On Nov. 25. 1864, eight men walked the streets of Manhattan, New York. The group, calling themselves the Confederate Army of Manhattan, split up and approached a series of hotels on their lists and checked in. “At 17 minutes of nine the St. James Hotel was discovered to be on fire in one of the rooms,” The New York Times reported. Bedding and furniture had been saturated with an accelerant and set aflame. A few minutes later, Barnum’s Museum was ablaze. About the same time, four rooms of the St. Nicholas Hotel were ablaze. By 9:20 p.m. a room in the Lafarge House was ln flames. Then the Metropolitan House, Brandreth House, Frenche’s Hotel, the Belmont House, Wallack’s Theatre and several other buildings were on fire. Included in the incendiary maelstrom were 5th Ward Museum Hotel, Astor House, the Belmont Hotel, the Fifth Avenue Hotel, the Howard Hotel, La Farge House, Lovejoy's Hotel, the Metropolitan Hotel, the St. James Hotel, the St. Nicholas Hotel, the Tammany Hotel, and the United States Hotel.
Battle of Chickamauga
By Roger Craig and Michael Artis

The Battle of Chickamauga is a historic battle fought near Chickamauga Creek in Chickamauga, Georgia, during the Civil War in 1863. The recent Union Army victories took its toll on the Confederate forces in both physical ways and emotional ways. General Braxton Bragg and General William Rosecrans met on the battlefield before the Battle of Chickamauga. They met and fought at the Tullahoma Campaign. General Rosecrans emerged victorious in the Tullahoma Campaign. General Bragg and his troops suffered a loss, but the fight for this region was not over. The importance of the region demanded that each side put all they had into controlling that vital supply route. The Confederate Army won the battle. However, the Battle of Chickamauga was the Confederate victory that led to the defeat of the Confederate Army in the American Civil War. [1] The area in and around Chattanooga is rich in natural resources. It has fertile land for growing crops to sustain an army; it had rail lines that connected much of the nation. Both armies wanted to control this area. The Battle of Chickamauga did not end that dispute. The Battle of Chickamauga was one battle in the struggle to control this area.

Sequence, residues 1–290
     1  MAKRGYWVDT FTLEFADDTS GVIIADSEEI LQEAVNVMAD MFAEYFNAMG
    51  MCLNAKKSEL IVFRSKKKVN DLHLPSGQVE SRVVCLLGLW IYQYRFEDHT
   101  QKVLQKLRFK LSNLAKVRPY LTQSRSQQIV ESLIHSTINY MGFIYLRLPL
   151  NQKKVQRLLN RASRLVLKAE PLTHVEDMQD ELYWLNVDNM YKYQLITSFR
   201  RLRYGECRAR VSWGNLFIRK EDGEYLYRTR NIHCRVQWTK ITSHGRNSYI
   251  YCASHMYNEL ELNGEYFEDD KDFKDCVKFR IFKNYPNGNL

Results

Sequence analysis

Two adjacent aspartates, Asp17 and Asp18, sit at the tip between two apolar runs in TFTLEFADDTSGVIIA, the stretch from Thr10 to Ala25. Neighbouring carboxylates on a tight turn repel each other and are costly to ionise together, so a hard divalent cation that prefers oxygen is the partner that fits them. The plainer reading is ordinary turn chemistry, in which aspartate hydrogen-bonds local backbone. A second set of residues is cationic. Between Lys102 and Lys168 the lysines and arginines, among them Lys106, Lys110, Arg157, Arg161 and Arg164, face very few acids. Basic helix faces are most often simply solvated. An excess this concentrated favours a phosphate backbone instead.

Sherman's March
By Michael Irvin